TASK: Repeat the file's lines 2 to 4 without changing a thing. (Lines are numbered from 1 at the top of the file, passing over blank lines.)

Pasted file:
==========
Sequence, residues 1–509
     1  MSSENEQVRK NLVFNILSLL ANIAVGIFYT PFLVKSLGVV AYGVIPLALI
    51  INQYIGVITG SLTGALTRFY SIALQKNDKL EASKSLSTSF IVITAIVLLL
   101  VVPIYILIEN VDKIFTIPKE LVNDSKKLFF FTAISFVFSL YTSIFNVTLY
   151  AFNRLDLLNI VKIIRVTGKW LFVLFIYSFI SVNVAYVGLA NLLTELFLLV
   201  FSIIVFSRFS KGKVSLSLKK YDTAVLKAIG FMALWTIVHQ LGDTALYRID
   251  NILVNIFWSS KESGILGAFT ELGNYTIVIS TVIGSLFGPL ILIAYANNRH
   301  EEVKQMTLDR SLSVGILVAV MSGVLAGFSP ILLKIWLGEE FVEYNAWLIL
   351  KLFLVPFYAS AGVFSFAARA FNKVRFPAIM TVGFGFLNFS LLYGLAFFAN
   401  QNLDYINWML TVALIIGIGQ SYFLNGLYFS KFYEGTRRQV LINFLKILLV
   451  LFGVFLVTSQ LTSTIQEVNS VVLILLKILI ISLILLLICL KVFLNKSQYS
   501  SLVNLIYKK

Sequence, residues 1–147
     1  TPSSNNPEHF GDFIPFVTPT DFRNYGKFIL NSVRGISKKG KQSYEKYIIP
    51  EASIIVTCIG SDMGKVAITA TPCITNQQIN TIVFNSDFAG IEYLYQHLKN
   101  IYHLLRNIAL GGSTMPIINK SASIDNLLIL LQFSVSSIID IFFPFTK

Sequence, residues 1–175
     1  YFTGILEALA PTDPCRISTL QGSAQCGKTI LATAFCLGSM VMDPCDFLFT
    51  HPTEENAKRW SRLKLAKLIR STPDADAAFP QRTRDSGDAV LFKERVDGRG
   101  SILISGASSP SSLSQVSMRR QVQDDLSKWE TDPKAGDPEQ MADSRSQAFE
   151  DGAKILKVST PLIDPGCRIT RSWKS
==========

     1  MSSENEQVRK NLVFNILSLL ANIAVGIFYT PFLVKSLGVV AYGVIPLALI
    51  INQYIGVITG SLTGALTRFY SIALQKNDKL EASKSLSTSF IVITAIVLLL
   101  VVPIYILIEN VDKIFTIPKE LVNDSKKLFF FTAISFVFSL YTSIFNVTLY